Do your research, don’t be a click-bate victim

Fake news the bane of truth seekers - in this week's Ponoka News editorial.

The speed at which fake information proliferates on the Internet is staggering.

Upstart websites pushing a specific agenda any agenda will do as long as it stokes fear and anger have harvested massive followings, which leads to revenue. Or more scary, some control over the actions of their readers.

To deal with this troubling issue, the fact that people seem to believe everything that’s put in front of their face, the big players such as Google and Facebook have started banning fake news sites from their advertising. (It’s about time.)

Ever see that photo of Abraham Lincoln with the attributed quote: “Don’t believe everything you read on the Internet just because there’s a photo with a quote next to it.”

Lincoln couldn’t have been more right.

People are not making informed decisions. Sharing these clickbait news stories is creating a vast hole of real knowledge in the world and folks are falling hook, line and stinker.

I’m no saint. I’ve had my fair share of “oops” moments on Facebook sharing a catchy headline or video that was completely off-base. I have learned from those moments. I read, I research and then I make an informed decision.

Sure, websites like Snopes.com will confirm a story is fake, but how do you stop a freight train once it gets going? It’s impossible, something the authors of fake news stories are hoping for.

Granted there are times individuals inadvertently create fake news. The New York Times conducted a case study recently of just such an incident. A Twitter user, Eric Tucker, had 40 followers on Twitter when he saw buses at a convention. His initial thought was that these buses belonged to a group of Trump protesters.

So, he snapped a photo and stated as much in his Tweet. It took four hours to go to a Reddit group (Reddit is a social news web content and discussion site with the term “The front page of the Internet”). That Reddit group was a pro-Trump group who posted a “Breaking” story on the Tweet.

Nine hours later that story had become a truly viral hit, making it to conservative websites across the globe. The truth is the buses were part of a conference that had nothing to do with Trump, or the election.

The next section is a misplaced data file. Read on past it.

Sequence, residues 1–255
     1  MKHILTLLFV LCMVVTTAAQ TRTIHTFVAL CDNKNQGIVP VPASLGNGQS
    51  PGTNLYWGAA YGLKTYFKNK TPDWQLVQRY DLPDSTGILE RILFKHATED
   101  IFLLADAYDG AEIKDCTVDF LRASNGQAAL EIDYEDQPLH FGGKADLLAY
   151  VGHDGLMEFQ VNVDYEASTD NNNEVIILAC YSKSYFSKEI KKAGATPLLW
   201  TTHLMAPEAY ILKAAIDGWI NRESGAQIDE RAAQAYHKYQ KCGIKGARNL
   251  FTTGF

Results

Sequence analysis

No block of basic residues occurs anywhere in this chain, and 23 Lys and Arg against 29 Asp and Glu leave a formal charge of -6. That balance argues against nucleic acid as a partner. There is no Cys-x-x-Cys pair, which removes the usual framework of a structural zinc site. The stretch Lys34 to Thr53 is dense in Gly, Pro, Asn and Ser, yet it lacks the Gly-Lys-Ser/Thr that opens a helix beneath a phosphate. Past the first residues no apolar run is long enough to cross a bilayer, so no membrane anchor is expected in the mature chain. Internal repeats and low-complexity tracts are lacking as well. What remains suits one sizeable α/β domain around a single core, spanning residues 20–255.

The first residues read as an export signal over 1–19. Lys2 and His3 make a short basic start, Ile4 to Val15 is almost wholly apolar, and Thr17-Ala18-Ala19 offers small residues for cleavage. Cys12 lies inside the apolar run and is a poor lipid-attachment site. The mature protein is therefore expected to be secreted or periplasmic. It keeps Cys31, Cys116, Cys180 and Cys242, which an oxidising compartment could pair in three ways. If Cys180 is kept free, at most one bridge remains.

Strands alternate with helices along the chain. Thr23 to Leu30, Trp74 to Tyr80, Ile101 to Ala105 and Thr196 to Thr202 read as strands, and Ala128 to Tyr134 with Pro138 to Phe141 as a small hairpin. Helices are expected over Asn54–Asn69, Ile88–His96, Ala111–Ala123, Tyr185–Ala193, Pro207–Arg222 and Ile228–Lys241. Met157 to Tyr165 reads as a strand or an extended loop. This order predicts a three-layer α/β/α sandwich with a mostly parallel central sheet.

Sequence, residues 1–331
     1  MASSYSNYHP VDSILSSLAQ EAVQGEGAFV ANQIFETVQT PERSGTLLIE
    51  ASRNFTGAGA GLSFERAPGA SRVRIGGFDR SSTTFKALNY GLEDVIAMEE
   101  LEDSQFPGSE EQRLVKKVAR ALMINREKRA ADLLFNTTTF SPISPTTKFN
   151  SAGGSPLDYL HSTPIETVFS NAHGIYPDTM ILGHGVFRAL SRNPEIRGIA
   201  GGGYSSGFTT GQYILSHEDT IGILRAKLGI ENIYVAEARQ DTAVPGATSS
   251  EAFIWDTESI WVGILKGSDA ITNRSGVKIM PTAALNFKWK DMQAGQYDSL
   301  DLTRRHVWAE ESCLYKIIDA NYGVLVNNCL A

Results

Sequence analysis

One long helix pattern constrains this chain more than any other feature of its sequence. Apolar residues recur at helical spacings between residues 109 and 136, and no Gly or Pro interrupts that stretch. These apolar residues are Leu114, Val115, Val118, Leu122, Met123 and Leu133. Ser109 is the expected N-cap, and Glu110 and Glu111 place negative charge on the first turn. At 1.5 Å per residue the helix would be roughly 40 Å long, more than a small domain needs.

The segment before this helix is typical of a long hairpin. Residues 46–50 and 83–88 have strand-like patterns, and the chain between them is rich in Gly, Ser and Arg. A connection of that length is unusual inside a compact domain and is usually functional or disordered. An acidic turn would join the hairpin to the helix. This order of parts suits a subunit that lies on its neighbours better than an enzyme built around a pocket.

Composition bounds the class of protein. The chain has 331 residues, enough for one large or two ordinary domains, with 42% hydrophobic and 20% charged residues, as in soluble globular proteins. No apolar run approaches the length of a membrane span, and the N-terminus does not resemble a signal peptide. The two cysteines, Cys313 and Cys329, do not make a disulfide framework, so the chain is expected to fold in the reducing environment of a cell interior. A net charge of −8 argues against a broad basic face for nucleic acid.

The real issue isn’t whether it’s left or right leaning news; the problem is the dissemination of fake news information that writers know will stoke up their readers. These fake news sites can also include false health or science stories.

One solution comes from the bigger websites that have control over how the revenue flows, which is starting to trend. There’s one other solution.

The power to confirm or deny a fake news source comes directly from the reader. It is imperative that we educate ourselves and check our sources when reading anything. Sure, the evil conspiracy is a tempting hook and sharing it to one’s friends is quite satisfying if they too become indignant.

Yet, if one were to dig into the story and start looking at the actual sources some of them would go around in circles. That’s a good indicator for those unsure.

Another trick to remember is similar to the “If it’s too good to be true, then it probably is,” adage. If the story is so incredible that it’s hard to believe, maybe go in there with a discerning eye and questioning mind. You might just learn something about what’s really happening there.

 

Just Posted

Reflections: Celebrating the long history of the Ponoka Fire Department

The department served Ponoka for 112 years protecting area residents

WCPS to set meeting with Alberta Education

Wolf Creek Public Schools wants to see some clarification on student funding

UCP leader uses Ponoka fundraiser to prep party for spring election

Jason Kenney focused on policy convention and need for united front in order to win in 2019

Concerns of CFOs has Ponoka County considering changes

County council approves hiring of consultant to help with MDP changes

WCPS approves new name for Ponoka Outreach School

Trustees accept suggestion to rename Ponoka Outreach, awaiting Alberta Education approval

NDP gives Liberal budget ‘failing grade’ on gender equality

Nanaimo-Ladysmith MP Sheila Malcolmson said budget doesn’t do enough to focus on pay equity

Black Press Media acquires two new Alaska newspapers

New Media Investment Group to acquire the Akron (OH) Beacon Journal while Black Press Media takes on daily newspapers in Juneau and Kenai Alaska

Men arrested at Starbucks say they feared for their lives

Rashon Nelson and Donte Robinson were arrested in a Philadelphia Starbucks, becoming viral video

Did a Canadian shoot down the Red Baron? A century later, debate hasn’t quit

Om April 21, 1918 two Canadians in their canvas-covered Sopwith Camel biplanes engaged the enemy

VIDEO: Canadian teen lands invite to Royal wedding

Prince Harry and Meghan Markle have invited Faith Dickinson, founder of Cuddles for Cancer

Ponoka County worries about Prussian carp in Gull Lake

Alberta Environment delays pumping due to at least 1,000 carp found near the pump channel inlet

Health committee cheers idea of national pharmacare program, but cost an issue

Conservative health critic Marilyn Gladu says she fears costs could be far higher than $19 billion

Canada’s oldest blood donor says it’s all gain, no pain after decades of giving

Great-grandmother and Coquitlam, B.C., resident has been donating blood since the late 1940s

Most Read